The power of photons is amazing. In fact, every day, photons are trapped with sensors and converted to matrices of millions of numbers. By rearranging these matrices and converting them to electrical outputs and, eventually, back to new photons for our eyes to see, these photons can trigger powerful emotions in us—anger, laughter, happiness, even tears of grief. There is a name for this incredible process: filmmaking.
During my teenage years, I thought I wanted to become a filmmaker, until I realized that what I was actually passionate about were the engineering aspects of filmmaking. By taking simple shots of the world around me, and then transforming those basic components of light, color and sound, I could touch the hearts of others. Consequently, I decided to study engineering in college because the discipline gave me an opportunity to hone these skills—using tools and knowledge to manipulate the physical world and impact human lives. The discipline also guided my journey to medicine.
It was not until high school when I shadowed our physician neighbor for the first time that I was formally introduced to medicine. I was touched by how the application of the physician’s vast knowledge of biology, physiology and pathology allowed him to ultimately engineer medical lifestyle changes and complex treatment plans. It quickly became clear to me that the field of medicine shared the same fundamentals as engineering—the application of knowledge to the surrounding world.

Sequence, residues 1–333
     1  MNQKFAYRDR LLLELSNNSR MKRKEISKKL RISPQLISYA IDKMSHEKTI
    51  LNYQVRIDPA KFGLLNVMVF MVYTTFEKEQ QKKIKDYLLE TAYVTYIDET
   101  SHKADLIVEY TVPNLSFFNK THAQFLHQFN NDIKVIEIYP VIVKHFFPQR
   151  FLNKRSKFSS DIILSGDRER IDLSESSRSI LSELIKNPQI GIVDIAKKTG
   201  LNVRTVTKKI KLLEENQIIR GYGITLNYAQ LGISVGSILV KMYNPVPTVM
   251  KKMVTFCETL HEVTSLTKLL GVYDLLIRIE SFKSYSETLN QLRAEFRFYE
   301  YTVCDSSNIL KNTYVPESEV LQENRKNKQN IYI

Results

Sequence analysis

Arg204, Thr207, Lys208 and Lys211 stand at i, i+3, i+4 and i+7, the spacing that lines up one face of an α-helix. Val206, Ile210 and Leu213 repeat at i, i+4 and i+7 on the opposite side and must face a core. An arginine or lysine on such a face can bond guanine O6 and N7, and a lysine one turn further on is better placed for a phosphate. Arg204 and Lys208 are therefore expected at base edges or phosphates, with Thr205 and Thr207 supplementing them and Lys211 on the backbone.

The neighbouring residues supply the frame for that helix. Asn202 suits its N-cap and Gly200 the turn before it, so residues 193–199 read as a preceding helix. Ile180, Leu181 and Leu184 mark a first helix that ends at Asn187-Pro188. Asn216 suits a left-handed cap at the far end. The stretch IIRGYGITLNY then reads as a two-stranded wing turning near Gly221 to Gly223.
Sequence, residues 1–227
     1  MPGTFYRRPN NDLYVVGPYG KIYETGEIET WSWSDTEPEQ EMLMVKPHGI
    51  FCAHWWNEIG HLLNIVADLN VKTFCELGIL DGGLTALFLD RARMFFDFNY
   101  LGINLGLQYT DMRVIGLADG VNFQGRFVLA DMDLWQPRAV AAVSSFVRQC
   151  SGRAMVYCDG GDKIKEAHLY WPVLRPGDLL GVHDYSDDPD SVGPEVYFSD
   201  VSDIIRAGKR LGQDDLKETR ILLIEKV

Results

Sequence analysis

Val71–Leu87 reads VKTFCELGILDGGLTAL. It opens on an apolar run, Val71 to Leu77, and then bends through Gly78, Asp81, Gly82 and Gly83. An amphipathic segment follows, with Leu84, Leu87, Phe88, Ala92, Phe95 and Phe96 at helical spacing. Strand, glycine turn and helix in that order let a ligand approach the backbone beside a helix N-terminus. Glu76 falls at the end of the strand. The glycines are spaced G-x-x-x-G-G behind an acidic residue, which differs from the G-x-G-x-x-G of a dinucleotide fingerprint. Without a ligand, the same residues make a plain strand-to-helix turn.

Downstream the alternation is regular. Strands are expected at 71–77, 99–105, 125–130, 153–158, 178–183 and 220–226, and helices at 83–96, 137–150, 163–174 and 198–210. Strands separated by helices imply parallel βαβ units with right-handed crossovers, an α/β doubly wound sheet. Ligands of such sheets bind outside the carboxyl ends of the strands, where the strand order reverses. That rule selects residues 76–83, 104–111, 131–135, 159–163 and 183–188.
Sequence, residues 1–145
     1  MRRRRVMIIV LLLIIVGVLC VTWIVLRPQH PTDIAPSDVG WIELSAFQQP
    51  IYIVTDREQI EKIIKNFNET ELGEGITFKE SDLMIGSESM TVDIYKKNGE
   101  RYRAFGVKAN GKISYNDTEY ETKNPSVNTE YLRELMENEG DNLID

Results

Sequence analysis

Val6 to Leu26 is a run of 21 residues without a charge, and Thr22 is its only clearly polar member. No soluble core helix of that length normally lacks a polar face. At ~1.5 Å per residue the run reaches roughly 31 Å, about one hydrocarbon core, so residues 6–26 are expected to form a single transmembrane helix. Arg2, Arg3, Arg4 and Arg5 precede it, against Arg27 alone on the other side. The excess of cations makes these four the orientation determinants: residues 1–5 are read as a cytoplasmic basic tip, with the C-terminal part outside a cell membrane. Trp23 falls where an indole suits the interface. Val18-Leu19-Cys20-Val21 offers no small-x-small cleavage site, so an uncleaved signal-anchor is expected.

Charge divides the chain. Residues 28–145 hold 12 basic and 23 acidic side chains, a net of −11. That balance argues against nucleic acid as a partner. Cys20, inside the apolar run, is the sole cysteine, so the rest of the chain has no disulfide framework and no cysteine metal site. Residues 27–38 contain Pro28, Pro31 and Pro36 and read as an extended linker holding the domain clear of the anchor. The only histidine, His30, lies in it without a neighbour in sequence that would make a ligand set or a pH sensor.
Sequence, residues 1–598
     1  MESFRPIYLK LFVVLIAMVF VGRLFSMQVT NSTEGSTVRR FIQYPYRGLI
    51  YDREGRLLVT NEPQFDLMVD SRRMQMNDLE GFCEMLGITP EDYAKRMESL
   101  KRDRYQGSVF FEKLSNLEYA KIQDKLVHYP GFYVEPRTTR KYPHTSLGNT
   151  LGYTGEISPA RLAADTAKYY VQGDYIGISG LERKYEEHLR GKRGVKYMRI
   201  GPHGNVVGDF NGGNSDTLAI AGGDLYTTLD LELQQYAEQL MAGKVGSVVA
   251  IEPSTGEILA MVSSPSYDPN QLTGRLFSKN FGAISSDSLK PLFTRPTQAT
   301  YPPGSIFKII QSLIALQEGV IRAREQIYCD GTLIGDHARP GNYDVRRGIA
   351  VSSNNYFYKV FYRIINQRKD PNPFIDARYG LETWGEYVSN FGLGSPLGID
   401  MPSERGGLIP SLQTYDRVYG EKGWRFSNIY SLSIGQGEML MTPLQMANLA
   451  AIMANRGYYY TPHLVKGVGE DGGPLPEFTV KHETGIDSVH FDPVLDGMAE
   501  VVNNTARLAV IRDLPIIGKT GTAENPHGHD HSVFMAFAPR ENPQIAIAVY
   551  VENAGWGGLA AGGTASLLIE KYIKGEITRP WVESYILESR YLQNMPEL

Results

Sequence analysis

This theme resurfaced many times, and often in ways I did not anticipate—after a conversation at a medical volunteering opportunity with a man about his young granddaughter diagnosed with terminal leukemia, I felt surprisingly disillusioned and disheartened. Why wasn’t there any solution? According to my developing engineering paradigm of medicine, there was always a solution, and it simply required the correct rearrangement of chemicals to produce a drug or a more intricate understanding of physiology. However, instead of reciprocating the immense disillusionment I felt, the man expressed a deep sense of gratitude toward his granddaughter’s medical team. He discussed how, albeit the terminal diagnosis, the physicians around his granddaughter showed consistent compassion and commitment to providing the best care possible, and that alone provided the family strength. I was struck with the realization of a powerful human dimension of medicine that engineering otherwise did not provide. As my paradigm grew to encompass this understanding, so did my passion for medicine.
I entered medical school because medicine is a unique, intricate combination of engineering and the human connection, and I aspire to use the fundamentals of science from the classroom to eventually transform the world around me through my career. More importantly, beyond scientific transformations, I want to be able to offer empathetic and supportive comfort in hopes of providing the most compassionate care. I train in medicine so that one day, I can be the filmmaker in my patients’ lives, transforming my knowledge of the world around me to connect to their hearts and minds.
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- Practicing Humanistic Medicine: Read more insights from Dr. Paul Rothman, Dean of the medical faculty and CEO of Johns Hopkins Medicine, about how caring doctors make better doctors.